Romney responds to backlash of 47% remarks with appeal to middle class


Mitt Romney released a new television ad Wednesday in which he speaks directly to the camera for a 60-second pitch to the Americans “living paycheck to paycheck.”

“President Obama and I both care about poor and middle class families,” Romney says in the ad. “The difference is, my policies will make things better for them.”

The Romney campaign is doing all it can to rebound from leaked footage of a campaign fundraising event where the candidate lashed out against 47% of the electorate, calling them “victims.”

Although the Republican candidate for president has in recent days doubled down on his rhetoric against entitlement programs, his tone is notably softened in this ad. 

“We shouldn’t measure compassion by how many people are on welfare,” he says. “We should measure compassion by how many people are able to get off welfare and get a good-paying job.”


News reports and fact checkers have skewered Romney in the past for running ads on welfare that not only distort the facts, but are blatantly false. This time around, the candidate eases back slightly on his direct attacks against the president, by suggesting that compassion lies in weaning Americans off of social programs.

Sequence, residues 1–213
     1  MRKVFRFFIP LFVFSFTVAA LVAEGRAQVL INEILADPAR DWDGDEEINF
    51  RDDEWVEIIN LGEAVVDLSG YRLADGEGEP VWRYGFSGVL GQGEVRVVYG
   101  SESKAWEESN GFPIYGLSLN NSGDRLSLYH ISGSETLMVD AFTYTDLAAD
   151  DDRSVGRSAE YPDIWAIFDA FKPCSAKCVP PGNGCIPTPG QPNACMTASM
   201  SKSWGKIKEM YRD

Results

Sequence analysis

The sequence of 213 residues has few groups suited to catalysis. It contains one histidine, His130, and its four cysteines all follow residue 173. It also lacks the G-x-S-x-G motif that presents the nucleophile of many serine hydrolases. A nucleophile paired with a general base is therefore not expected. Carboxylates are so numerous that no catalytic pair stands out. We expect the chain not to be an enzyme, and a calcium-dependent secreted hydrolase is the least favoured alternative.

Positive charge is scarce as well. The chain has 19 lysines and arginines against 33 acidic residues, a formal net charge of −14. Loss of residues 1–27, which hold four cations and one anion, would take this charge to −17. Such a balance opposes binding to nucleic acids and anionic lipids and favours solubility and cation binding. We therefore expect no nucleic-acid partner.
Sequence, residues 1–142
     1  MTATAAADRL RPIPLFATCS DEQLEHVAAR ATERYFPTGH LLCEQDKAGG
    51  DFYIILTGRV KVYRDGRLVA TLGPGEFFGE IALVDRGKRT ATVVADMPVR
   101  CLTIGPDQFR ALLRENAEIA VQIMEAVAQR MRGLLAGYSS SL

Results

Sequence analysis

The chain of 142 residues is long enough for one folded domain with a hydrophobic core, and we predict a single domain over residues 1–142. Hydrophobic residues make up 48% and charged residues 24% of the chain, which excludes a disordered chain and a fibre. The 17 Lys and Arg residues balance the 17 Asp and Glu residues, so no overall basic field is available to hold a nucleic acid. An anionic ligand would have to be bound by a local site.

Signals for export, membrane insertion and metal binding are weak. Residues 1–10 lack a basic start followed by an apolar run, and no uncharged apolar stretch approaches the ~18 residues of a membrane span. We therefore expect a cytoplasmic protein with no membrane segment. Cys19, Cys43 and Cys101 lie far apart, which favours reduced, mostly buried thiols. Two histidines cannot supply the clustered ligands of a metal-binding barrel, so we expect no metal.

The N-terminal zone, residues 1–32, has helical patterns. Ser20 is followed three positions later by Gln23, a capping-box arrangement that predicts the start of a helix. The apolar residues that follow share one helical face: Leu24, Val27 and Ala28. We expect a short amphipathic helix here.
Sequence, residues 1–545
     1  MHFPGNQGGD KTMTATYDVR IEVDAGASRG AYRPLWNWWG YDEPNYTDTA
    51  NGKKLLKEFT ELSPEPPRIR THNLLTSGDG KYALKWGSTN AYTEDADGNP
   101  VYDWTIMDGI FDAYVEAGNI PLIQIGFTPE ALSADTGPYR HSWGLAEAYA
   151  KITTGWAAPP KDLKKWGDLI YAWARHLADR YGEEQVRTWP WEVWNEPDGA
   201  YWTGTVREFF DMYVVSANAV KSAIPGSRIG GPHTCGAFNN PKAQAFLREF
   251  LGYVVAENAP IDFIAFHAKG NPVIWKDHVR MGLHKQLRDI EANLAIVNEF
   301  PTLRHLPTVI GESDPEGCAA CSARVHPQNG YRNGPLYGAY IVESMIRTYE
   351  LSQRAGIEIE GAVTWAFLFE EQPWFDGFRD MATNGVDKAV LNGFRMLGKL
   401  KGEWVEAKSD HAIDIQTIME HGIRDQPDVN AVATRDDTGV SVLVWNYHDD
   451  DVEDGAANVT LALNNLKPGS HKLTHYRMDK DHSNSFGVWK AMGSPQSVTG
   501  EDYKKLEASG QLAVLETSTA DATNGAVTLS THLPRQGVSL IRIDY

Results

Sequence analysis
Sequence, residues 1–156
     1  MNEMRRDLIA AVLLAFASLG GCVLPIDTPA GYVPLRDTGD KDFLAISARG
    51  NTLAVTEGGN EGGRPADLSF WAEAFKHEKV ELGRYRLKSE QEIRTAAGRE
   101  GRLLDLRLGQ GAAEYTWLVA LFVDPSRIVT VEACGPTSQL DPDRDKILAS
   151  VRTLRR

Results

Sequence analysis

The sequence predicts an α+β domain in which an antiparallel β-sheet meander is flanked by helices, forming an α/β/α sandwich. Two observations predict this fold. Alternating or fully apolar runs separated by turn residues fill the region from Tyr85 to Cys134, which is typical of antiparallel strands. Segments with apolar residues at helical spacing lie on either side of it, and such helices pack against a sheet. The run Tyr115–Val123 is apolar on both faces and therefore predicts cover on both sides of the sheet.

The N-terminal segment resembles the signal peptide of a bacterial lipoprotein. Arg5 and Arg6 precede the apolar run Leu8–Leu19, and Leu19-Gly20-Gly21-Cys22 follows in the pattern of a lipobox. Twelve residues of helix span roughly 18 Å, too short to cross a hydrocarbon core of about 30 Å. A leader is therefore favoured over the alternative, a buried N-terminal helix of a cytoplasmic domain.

Romney’s running mate, Rep. Paul Ryan, came out with his own television ad on Wednesday, mapping “A Choice of Two Futures.”

The ad is another spot defending the congressman’s House seat, rather than a Romney-Ryan piece. Yet, Ryan stays on message and calls Obama’s handling of the economy into question while reinforcing Romney’s critiques of social programs.

“We must take action to prevent the most predictable economic crisis in our country’s history,” Ryan says in the ad, referring to the country’s debt woes and the looming fiscal cliff. “Washington promotes a culture of dependency; we need a culture of accountability and personal responsibility.”